She explains: ‘I have been told I will get information soon. In the meantime, I now work on the wards with the nurses and doctors on a shift pattern and will help as much as I can. My duties include observations – blood pressure, respiratory breaths, temperature and blood sugar – giving bed baths, changing beds, helping to feed patients, dealing with dressings and responding to alarms, such as telling the nurse what fluids are running out on a drip.’
Amanda adds: ‘They are finding new things about this virus every day and I have learnt a lot about reliable resources – Public Health England, for example, has a poster called When to use a surgical face mask or FFP3 respirator, which is really helpful.
‘We need to know and have access to essential PPE. Covid-19 lives on skin and clothes for up to 15 minutes, although we do not yet know exactly how long it lives on hard surfaces.
‘We also all need to be mindful to act sensibly – for example, keeping our distance from others, washing hands regularly, using alcohol gel and then moisturising to stop the skin from breaking and taking our mobile out of its case and wiping with a soapy cloth. There are so many things we can all do to help.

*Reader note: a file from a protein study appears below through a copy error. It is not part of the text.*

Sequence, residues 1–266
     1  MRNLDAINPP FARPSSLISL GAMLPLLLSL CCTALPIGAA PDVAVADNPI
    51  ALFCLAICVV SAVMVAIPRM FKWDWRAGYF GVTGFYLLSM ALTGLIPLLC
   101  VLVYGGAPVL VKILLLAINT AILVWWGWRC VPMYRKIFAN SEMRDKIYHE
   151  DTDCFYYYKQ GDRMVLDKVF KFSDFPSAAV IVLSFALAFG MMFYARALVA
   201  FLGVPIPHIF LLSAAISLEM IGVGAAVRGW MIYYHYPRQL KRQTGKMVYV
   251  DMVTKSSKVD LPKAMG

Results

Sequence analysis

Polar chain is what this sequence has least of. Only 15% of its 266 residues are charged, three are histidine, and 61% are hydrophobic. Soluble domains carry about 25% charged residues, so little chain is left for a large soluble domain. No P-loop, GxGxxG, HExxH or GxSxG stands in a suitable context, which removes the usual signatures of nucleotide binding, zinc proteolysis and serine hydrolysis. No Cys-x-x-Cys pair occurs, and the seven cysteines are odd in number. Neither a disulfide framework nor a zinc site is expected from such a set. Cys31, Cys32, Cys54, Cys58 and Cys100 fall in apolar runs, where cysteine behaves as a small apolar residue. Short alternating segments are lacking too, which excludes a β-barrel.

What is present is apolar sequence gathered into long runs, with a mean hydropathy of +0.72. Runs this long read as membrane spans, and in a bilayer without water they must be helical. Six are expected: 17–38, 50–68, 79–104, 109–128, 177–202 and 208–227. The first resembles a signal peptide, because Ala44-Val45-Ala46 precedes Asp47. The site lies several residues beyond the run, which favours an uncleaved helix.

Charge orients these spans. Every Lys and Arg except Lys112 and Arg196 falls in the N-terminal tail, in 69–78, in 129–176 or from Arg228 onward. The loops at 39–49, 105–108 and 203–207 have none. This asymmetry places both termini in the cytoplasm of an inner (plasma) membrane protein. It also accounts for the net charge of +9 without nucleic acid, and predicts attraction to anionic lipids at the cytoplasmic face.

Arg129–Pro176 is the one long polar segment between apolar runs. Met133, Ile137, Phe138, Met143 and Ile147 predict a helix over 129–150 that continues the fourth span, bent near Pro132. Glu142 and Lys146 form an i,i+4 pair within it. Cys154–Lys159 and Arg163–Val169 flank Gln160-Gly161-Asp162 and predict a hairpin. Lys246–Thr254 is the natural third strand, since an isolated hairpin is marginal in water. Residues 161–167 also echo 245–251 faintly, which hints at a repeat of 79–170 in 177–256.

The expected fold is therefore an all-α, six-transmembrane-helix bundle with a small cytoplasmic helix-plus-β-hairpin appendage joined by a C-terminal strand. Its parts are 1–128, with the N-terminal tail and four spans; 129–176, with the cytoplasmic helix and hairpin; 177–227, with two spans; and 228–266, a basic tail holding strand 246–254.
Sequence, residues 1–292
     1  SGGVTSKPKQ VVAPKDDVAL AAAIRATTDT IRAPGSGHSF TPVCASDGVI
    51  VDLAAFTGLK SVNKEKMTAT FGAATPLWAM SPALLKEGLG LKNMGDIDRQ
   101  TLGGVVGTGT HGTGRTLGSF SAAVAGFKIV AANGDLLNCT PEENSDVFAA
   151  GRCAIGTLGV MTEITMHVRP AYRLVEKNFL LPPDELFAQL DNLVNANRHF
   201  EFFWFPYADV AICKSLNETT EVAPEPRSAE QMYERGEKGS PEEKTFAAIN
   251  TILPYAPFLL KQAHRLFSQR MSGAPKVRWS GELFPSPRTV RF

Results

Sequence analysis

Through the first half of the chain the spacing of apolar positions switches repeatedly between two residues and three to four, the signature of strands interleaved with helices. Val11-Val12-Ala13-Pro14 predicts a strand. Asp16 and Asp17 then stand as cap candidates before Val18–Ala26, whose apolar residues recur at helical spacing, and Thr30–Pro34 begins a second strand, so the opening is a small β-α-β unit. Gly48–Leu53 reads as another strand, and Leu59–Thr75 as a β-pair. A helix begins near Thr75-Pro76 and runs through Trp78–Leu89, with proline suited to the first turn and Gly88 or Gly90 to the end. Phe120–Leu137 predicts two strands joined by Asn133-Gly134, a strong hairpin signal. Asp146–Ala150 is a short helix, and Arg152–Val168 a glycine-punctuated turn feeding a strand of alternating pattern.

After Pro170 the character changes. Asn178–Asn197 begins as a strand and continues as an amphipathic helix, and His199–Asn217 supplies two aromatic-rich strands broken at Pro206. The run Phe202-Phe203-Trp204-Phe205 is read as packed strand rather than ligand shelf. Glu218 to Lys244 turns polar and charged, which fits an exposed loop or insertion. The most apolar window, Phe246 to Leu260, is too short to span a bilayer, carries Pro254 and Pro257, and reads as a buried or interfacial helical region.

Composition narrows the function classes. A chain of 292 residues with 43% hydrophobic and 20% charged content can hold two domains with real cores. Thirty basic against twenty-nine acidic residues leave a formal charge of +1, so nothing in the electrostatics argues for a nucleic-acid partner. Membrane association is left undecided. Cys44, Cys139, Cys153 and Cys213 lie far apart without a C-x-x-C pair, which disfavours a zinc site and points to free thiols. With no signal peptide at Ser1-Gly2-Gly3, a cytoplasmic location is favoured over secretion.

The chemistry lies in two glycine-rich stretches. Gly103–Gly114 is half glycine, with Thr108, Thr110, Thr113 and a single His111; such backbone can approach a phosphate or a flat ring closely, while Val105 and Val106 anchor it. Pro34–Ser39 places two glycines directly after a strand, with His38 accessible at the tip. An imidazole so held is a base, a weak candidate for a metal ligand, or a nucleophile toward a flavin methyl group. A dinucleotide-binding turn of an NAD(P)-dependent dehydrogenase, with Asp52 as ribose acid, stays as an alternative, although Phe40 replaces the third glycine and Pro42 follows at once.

‘As dental nurses, we can help. This is such a difficult and scary time but if we could all just pull together and help each other, we can and we will get through this. If people have a better understanding, then we are all better prepared.’
Dental nurse Cherie Walker trained in general practice and has been working in community dental service in Wales for 10 years.